Some of the issues set for discussion in Missouri’s upcoming special legislative session on abortion aren’t entirely defined.
In calling for the gathering, its clear Governor Eric Greitens wants a St. Louis city ordinance repealed. His release also targets the need for annual inspection of abortion clinics to be made mandatory.
But it’s not certain what his proposal “for clinics to have a plan for complications” would entail. It’s also not clear what would be required to “stop abortion clinics from interfering with emergency responders”.
Greitens simply suggested an abortion clinic would try to prevent itself from looking bad by asking an ambulance to be inconspicuous approaching the building.
A number of endorsements for a special session from pro-life organization were included in Greitens release. One from the Susan B. Anthony List noted activists in St. Louis have observed women being taken away by ambulance at least 66 times since 2009.
A St. Louis Fire Department report does not say whether those 911 calls involve complications from abortions. More than half of the calls were for general concerns including allergic reactions, fainting, falls, seizures, psychiatric issues and illnesses.
The St. Louis Post Dispatch reported in 2015 that there were 23 emergency calls from the clinic (since 2009) for hemorrhages, or heavy bleeding, which is a potential complication of abortion. Hemorrhaging can also be triggered by other disorders treated by the clinic.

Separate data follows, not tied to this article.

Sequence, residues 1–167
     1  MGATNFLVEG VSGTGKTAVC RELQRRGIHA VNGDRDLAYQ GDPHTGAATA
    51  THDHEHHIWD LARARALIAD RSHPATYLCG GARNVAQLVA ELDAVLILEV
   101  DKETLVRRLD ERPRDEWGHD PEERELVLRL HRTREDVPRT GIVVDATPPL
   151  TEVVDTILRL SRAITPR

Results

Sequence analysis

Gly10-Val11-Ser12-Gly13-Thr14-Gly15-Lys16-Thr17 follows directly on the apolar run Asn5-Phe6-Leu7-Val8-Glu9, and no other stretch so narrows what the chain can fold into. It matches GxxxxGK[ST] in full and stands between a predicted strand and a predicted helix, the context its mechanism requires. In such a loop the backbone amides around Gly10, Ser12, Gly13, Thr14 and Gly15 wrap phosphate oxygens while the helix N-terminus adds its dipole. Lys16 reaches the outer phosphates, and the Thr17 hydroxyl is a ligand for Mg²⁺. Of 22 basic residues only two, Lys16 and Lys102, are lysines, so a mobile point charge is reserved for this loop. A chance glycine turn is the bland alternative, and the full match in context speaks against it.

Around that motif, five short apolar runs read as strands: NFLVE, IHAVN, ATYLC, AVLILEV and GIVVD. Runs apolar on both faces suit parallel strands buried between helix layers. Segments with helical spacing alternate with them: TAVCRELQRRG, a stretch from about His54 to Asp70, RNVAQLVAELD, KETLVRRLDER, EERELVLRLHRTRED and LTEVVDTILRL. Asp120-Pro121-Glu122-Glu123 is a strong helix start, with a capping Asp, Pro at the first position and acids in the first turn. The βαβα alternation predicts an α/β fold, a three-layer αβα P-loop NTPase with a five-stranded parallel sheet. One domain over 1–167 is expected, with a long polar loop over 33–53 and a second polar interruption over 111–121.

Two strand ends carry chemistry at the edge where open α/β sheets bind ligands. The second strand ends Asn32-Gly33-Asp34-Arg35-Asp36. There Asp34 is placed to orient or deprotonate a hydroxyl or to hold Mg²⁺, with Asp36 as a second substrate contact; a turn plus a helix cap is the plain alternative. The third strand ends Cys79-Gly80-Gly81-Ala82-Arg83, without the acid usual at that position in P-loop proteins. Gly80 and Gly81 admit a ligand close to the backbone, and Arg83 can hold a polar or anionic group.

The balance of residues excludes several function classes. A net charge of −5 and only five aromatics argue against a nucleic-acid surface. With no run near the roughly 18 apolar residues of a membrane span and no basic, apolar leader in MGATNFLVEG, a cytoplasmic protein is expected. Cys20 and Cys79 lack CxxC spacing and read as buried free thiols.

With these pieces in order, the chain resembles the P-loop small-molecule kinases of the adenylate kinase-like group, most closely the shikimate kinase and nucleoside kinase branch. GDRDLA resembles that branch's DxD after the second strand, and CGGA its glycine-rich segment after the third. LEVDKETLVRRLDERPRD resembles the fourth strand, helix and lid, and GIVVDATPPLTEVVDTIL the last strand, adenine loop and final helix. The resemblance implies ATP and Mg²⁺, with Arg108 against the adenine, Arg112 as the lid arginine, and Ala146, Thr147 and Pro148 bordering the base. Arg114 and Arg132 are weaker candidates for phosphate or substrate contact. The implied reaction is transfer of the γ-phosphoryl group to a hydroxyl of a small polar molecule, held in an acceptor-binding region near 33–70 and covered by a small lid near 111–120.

The newspaper also reported that if every case of hemorrhaging were linked to an abortion, the complication rate would total less than 0.1 percent of the more than 35,000 abortions performed at the clinic since 2009.
The special session called by Greitens may have been telegraphed through a release from Department of Health and Senior (DSS) Services Director Randall Williams.
In it, he claimed abortion providers had failed to report every complication after an abortion to the agency within 45 days, and said he’d taken steps to ensure compliance with the law, that dates to 1979. He went on to say potential risks and complications should be discussed with patients prior to abortion procedures.
The Reproductive Health Services wing of St. Louis’ Planned Parenthood, the only current abortion provider in the state, told the Associated Press that it was unaware until recently that it had to report any complications from the procedures under a 38-year-old state law. The center said it had never been asked by the state for such reports, but would comply with the law.
In his statement, DSS Director Williams offered no specific information about breaches or suspected violations of the law. A spokesperson for Williams, Sara O’connor, declined Missourinet’s request for comment.
While issuing his call for the special session, Greitens noted a “court decision from earlier this year weakened our state’s health standards in abortion clinics”.
Greitens was referring to the action of a federal judge in Kansas City, who blocked a Missouri law which required abortion doctors to have admitting privileges at local hospitals and that clinics meet hospital standards for outpatient surgery.
The court ruling will open the door for several clinics in the state to reopen for abortion procedures.
With both Greitens and DSS Director Williams pressing the need to address complications from abortions, and with a focus on ambulance visits to the current abortion provider, it could be that the Republican majority of lawmakers will be looking at a new approach to limiting access to the procedure.